The principle of the magnetic pole position and polarity determination of the permanent magnet by the rotation detection unit 8 has been described above. Hereinafter, the flow of processing by the observation command application unit 1 and the rotation detection unit 8 will be described using the flowchart of FIG.

When a drive command for the motor MG is issued from a travel control ECU (not shown) or the like, the motor control device 10 executes a determination process for the magnetic pole position and polarity of the rotor of the motor MG prior to driving the motor MG. First, as described above, the magnetic pole position θ is determined (step # 10). When determining the magnetic pole position θ, the observation command application unit 1 applies only a predetermined high-frequency component as an observation command to the d-axis current command id * or the voltage command vd * . As described above, the DC bias component Ib is not applied in this step. The observation command application unit 1 and the position determination unit 6 perform the convergence calculation as described above to determine the magnetic pole position θ.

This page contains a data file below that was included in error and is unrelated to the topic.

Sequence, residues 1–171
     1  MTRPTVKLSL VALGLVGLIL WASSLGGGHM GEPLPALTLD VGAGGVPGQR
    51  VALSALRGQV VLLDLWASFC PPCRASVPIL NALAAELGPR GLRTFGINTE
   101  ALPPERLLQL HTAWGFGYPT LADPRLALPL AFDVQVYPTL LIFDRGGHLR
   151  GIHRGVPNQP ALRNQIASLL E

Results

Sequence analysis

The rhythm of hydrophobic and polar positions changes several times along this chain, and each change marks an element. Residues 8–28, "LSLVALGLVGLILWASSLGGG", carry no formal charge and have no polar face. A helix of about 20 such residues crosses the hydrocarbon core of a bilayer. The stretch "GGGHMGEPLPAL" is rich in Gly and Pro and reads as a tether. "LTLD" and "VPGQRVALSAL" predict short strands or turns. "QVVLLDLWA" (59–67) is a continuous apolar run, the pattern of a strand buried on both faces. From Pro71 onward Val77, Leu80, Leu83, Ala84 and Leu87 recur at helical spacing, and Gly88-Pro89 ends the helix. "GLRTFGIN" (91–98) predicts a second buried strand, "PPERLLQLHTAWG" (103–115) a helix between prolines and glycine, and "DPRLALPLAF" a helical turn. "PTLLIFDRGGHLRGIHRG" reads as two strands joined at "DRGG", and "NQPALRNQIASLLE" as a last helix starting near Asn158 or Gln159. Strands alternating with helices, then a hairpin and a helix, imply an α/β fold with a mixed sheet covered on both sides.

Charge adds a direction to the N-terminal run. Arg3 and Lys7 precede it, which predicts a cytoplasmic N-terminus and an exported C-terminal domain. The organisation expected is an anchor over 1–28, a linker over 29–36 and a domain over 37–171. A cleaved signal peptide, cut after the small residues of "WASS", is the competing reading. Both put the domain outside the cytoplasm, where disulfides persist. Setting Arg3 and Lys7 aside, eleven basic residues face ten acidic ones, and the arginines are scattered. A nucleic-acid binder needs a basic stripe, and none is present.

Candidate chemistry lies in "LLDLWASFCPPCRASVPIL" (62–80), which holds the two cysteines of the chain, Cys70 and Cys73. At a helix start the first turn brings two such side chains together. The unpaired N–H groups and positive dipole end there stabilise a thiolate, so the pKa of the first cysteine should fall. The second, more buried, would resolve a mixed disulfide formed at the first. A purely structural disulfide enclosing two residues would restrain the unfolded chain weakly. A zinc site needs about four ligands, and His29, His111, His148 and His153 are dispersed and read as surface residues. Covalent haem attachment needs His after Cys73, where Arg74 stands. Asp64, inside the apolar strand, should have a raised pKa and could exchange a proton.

When the magnetic pole position θ is determined, NS polarity is determined in steps # 21 to # 26. If the phase between the vector space (d′ q ′ vector space) when the current commands id * and iq * are set and the actual vector space (dq vector space) are different as illustrated in FIG. , The DC bias component Ib for the d ′ axis is vector-decomposed and has an actual q-axis component. As described above, the DC bias component Ib applied to the d-axis current command id * has such a magnitude that the motor MG is magnetically saturated. Accordingly, the DC component applied to the q-axis current command iq * by vector decomposition is not so large as to be negligible. For this reason, a large current command is given to the q-axis, and motor torque is generated, causing the rotor of the motor MG to rotate. Therefore, it is preferable to execute step # 10 prior to the polarity determination to accurately determine the magnetic pole position θ regardless of the polarity.